A welder named Glanville Evans was killed when the bridge he was working on collapsed and he fell into the River Wye. The firm that employed him had been reckless in instructing the 27-year-old to work in a perilous way but an attempt to convict it for manslaughter failed.
Christopher Shute, 30, was killed when he fell into a vat of hot paint and drowned while working in unsafe conditions at the Ford factory in Southampton. The company was fined for what the judge called an "entirely unnecessary" death but it was not prosecuted for manslaughter.
The first case was in February 1965. The second was in June 2003. Between the two cases, more than 35,000 people have been killed at work - yet only five companies have ever been convicted of manslaughter. My research suggests 20 per cent of all deaths at work are prosecutable as manslaughter cases. There are about 450 work-related fatal incidents every year - so about 90 cases of corporate manslaughter silently slip away, unlabelled, each year.
No wonder those bereaved by the commercial sacrifice of their loved ones speak of the deep disgust they feel with the legal system for having failed to deliver justice.
Few people realise that a staggering one million laws govern us in the UK today. At the centre of all these, of course, are laws about killing people.
Today, debate about whether there should be an offence of corporate manslaughter has been raised by two coincidental developments. In May, the Government announced draft legislation to introduce an offence of "corporate killing". Then, last month, corporate manslaughter prosecutions were begun under existing law against two large companies in respect of the people who were killed in the Hatfield train crash on 17 October 2000.
There are 1.6 million companies in England and Wales. Most are law-abiding - like most citizens. Among companies, though, there are delinquents whose apparent contempt for people is equal to that shown by the individual criminal. If we afford leniency to the grand and powerful, we insult the intelligence of the population that is told "all are equal under the law".
When companies behave badly, the suffering is on a different scale from the hurt caused by individuals. When a company commits a big pension fraud, it is like a burglar with 10,000 victims, who have lost their entire retirement savings, not just a video recorder. You might think once we decide a particular type of conduct is against the law, like recklessly killing people, the worse the incident, the more likely it will result in a conviction. You would be wrong.
The costs of corporate crime are huge when compared with those of "ordinary" crime, but it is ordinary crime that absorbs most of our policing and prosecution resources. When a reckless workman illegally dumps asbestos waste, he might endanger local residents, but when a company continues to expose thousands of people to the lethal dust over decades the harm is on a different scale. The company, though, is less likely than the workman to be prosecuted.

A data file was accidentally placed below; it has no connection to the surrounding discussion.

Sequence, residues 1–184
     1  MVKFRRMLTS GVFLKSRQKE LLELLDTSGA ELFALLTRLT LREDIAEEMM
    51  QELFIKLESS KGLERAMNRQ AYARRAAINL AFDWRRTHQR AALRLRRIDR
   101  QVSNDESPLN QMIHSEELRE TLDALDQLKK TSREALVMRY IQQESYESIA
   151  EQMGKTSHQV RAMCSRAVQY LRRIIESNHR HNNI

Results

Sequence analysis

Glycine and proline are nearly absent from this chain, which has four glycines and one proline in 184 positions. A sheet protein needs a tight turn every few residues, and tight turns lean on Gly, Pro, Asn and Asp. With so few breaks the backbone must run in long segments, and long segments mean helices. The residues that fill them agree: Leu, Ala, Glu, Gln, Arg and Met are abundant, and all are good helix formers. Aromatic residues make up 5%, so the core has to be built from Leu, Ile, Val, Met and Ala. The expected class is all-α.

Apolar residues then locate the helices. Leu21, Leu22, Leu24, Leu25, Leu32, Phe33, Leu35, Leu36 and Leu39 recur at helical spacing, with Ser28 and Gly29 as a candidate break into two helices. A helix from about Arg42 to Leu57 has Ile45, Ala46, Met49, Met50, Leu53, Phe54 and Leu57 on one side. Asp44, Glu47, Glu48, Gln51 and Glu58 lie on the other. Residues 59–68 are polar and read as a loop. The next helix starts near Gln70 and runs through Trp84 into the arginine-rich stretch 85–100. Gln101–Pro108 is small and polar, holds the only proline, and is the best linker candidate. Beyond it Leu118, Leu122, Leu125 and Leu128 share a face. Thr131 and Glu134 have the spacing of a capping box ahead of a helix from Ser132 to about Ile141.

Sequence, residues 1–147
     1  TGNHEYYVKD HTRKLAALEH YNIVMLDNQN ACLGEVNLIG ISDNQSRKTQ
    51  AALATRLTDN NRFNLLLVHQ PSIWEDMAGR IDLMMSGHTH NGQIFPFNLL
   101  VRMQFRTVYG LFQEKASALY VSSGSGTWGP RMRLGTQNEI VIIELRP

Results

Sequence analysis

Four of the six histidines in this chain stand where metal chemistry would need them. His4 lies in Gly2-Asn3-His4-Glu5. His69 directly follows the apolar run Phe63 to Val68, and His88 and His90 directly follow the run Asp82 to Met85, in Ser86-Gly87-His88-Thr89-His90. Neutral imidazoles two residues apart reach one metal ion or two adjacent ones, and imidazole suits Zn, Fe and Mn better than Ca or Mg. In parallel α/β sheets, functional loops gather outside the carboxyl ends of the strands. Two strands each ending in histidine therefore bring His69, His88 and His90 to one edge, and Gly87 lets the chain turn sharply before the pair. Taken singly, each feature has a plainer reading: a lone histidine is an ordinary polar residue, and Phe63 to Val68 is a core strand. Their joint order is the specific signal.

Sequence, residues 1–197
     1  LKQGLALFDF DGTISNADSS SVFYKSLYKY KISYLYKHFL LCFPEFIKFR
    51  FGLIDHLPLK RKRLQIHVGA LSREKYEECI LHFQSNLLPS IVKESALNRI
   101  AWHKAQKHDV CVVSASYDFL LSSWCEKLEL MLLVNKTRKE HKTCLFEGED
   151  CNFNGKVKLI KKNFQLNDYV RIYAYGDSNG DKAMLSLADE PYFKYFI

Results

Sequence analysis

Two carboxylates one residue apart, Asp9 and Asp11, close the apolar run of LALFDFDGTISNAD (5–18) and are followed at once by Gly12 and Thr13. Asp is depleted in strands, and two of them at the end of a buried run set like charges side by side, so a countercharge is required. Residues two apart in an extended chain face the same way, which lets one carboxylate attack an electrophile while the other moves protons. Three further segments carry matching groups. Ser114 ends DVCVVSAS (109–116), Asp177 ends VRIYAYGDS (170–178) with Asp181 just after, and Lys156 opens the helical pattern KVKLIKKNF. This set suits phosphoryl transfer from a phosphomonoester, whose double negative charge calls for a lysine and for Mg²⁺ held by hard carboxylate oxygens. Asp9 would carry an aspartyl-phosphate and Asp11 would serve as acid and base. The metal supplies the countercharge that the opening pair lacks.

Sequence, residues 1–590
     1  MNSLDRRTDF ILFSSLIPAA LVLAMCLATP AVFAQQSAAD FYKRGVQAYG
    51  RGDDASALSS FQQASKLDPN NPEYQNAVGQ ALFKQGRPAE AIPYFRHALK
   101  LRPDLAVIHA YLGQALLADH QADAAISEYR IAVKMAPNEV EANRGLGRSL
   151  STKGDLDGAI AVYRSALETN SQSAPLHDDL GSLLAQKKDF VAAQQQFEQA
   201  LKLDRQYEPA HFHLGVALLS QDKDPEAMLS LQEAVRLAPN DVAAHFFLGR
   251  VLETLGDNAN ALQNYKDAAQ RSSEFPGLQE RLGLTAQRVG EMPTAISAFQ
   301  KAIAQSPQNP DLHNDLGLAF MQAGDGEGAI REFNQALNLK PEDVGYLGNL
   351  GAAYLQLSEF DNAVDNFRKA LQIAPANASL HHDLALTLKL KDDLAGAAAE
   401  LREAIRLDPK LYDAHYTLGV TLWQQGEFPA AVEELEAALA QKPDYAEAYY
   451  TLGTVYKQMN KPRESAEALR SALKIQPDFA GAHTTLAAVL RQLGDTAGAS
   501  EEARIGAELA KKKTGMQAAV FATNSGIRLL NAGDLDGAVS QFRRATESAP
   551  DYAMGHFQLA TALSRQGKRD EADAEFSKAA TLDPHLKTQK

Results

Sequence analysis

In similar vein, more than one million cases of theft are recorded by the police each year but in 70 per cent of cases the theft is for an amount under £50. By contrast, one case of corporate swindling can outstrip the sum total of thefts - the BCCI case tried at the Old Bailey in 1997 included charges of fraud totalling £750m.
The list of anomalies goes on. Graffiti and train seat vandalism pale into insignificance compared with the amount of damage caused by people illegally pouring toxic material into rivers. And while 20,000 people a year are seriously wounded in fights, 30,000 are seriously injured at work.
Establishing the exact scale of corporate crime is very difficult. Part of the problem has been gaining evidence, not just in respect of particular cases, but also to assist in charting the nature of corporate crime. A Bureau of Corporations set up by Theodore Roosevelt in America in 1903 to investigate firms was quickly disbanded because of the need to obtain election funds from some of the largest corporations.
For the early part of its history, the company lay outside criminal law. "It had no soul to damn, and no body to kick," said 18th-century Lord Chancellor Lord Thurlow. The main difficulty in using the current law of manslaughter to proceed against corporations is that the rules evolved to reflect individuals. They are concerned with evaluating the "state of mind" of the defendant, and companies do not have easily identifiable "minds".
Under current law, the courts must look at the conduct of senior officers taken to personify the company. But there must be at least one fully culpable officer - a company will be acquitted if, through a diffuse management or chaos, various directors each knew only a piece of the full picture.
Under recently proposed legislation, a company would become liable for prosecution for "corporate killing" if a "management failure" by the corporation resulted in death, and the failure constituted conduct falling "far below what can reasonably be expected of the corporation in the circumstances". The corporation would therefore be judged simply by the results of its collective efforts.
However the law might be redesigned, one very important breakthrough has already been made. The greater public has recognised, and decided it will not tolerate, criminal corporate conduct.
Gary Slapper is Professor of Law at the Open University. He was recently invited to give evidence by the House of Commons committee examining this issue. His book 'Blood in the Bank' is published by Ashgate (available for £28 if you ring 01235 827730 and quote 30FL1597)Reuse content